INDIANAPOLIS — Evidence of the historic draft class the New Orleans Saints put together in April is everywhere at the NFL scouting combine this week.

New rookies compare themselves to the players the Saints drafted. Assistant general manager Jeff Ireland spent part of Wednesday night accepting Inside the League's award for best 2017 draft, bestowed on New Orleans by the NFL's scouting community. 

On the front of the team's combine booklet, there are pictures of Marshon Lattimore and Alvin Kamara, the men who made the Saints only the second team in history to sweep the Rookie of the Year awards.

"We’ll accept the kudos, and it’s very much appreciated, but we’re on to next year," Ireland said. "We’ve been on to next year for a while."

New Orleans finds itself, at least at the moment, looking at a draft that appears to be very different than the past three the Saints put together. 

In all three of those drafts, the Saints were trying to fill major holes in the starting lineup, and they had the ammunition to go get immediate-impact players. 

New Orleans was picking in the top half of those drafts, and the Saints stockpiled picks in the first three rounds to land players like Andrus Peat and P.J. Williams in 2015, Michael Thomas, Sheldon Rankins and Vonn Bell in 2016, then knock it out of the park with Kamara, Lattimore, Ryan Ramczyk, Marcus Williams, Alex Anzalone and Trey Hendrickson last year. 

All of those draft finds played key roles in a resurgent season that won the Saints the NFC South and changed their draft outlook, at least to a degree.

New Orleans is picking No. 27, and instead of a draft full of first and second-day picks, the Saints have a first-rounder, a third-rounder and six picks on the final day. 

"Now, you have to prepare for a lot of these players that you really, really like going off early," Ireland said. "You have to be prepared and have a vision for the players that are in the back end."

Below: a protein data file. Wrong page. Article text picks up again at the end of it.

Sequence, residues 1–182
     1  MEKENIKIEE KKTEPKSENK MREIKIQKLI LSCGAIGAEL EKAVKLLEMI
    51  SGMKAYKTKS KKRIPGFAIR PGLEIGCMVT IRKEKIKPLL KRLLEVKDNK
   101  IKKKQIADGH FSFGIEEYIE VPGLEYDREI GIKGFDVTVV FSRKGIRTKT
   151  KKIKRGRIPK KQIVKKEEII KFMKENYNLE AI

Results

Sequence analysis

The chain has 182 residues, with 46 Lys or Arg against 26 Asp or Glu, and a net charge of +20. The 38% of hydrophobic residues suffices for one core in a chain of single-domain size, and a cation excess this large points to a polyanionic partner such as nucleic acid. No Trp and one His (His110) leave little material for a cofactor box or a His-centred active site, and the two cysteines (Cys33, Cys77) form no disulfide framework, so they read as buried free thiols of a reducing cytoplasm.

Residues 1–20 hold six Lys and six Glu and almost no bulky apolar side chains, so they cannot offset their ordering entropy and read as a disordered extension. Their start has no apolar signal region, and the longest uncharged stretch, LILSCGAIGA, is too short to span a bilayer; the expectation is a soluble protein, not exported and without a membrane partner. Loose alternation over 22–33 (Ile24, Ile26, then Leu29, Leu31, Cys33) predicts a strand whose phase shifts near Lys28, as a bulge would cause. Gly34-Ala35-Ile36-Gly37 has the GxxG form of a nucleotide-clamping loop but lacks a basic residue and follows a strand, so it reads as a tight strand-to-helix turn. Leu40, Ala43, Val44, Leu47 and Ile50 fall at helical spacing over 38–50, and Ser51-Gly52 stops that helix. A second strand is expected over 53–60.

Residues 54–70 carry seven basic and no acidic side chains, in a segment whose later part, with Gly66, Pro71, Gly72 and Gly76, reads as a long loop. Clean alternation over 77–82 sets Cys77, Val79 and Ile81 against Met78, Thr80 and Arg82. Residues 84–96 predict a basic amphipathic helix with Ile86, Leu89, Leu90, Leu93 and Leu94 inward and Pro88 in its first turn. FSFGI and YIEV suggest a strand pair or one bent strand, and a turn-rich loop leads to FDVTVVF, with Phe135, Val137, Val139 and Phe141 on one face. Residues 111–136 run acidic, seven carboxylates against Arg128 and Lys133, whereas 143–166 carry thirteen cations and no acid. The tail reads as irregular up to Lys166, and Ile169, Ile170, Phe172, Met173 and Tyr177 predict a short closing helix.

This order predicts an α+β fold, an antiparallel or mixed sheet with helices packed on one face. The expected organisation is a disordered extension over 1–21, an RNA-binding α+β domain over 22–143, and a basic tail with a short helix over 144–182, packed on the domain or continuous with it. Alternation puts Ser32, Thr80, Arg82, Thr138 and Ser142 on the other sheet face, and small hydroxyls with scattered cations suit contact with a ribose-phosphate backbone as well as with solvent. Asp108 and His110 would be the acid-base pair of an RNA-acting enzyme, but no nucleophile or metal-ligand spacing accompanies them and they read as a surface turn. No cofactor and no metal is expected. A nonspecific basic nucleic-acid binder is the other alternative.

But that doesn't mean this draft is any less important for the Saints. 

"I think it’s an important draft for us," Saints coach Sean Payton said. "We’ve had, I think, two real good ones, and I think this is another one, as this team has gotten younger and younger and younger, there’s some spots that we hope to address and have a chance to fill."

New Orleans no longer has so many obvious holes in the lineup. 

"Pass rush is still something that’s important, obviously, there are a few spots," Payton said. "We’ve got to make sure that we’ll be real on top of this interior line class. I think the front seven defensively, you look closely at."

A few of those needs are partly dependent on potential departures. New Orleans would like to get back the services of defensive end Alex Okafor, who was turning in a great season before tearing his Achilles, but he will likely have other suitors competing for his services. The same goes for versatile offensive line backup Senio Kelemete, and New Orleans will need a swing offensive tackle if Zach Strief retires, as reported. 

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Need, however, is only one factor in the draft, and the Saints' improved depth means the team has some leeway to pick the best player available, regardless of position. 

"We’re in a position where you’re truly taking the best-graded player, and it might be in an area where you have depth," Payton said. "But that’s something we won’t be afraid to do."

New Orleans will have a better idea of where the strength of this draft lies after the combine. 

"Shoot, I think there’s a handful of running backs, corners," Payton said. "There’s going to be some options at quarterback."

Picking the best player available has paid big dividends in the past. Few thought New Orleans needed to draft Ramczyk in the first round last year, but injuries to Strief and Terron Armstead meant the rookie played every snap on the offensive line. 

That 2017 draft, and the catch the Saints managed to reel into New Orleans, looms over the entire NFL this draft. 

"Sometimes, when you hit on a class like that, it plays huge dividends going forward," Arizona general manager Steve Keim said. "I'll never forget the draft class we had when we took Larry Fitzgerald with our first pick, Karlos Dansby with our second pick, and Darnell Dockett with our third pick, and we took Antonio Smith, who had a nice NFL career, in the fifth round. Those kinds of draft classes set you up for the future, and obviously we were in the Super Bowl a few years later."

A Super Bowl is the Saints' ultimate goal, and to get Drew Brees back to the NFL's biggest game, New Orleans must continue to add to the talent and depth on a young team with potential to get better and better. 

New Orleans has put together two stellar drafts in a row.

"Everyone involved in the process is excited and proud of that," Payton said. "That’s why we do this, and that’s why we’re thorough and in detail."

The challenge is to keep this run going. 

Follow Joel A. Erickson on Twitter, @JoelAErickson.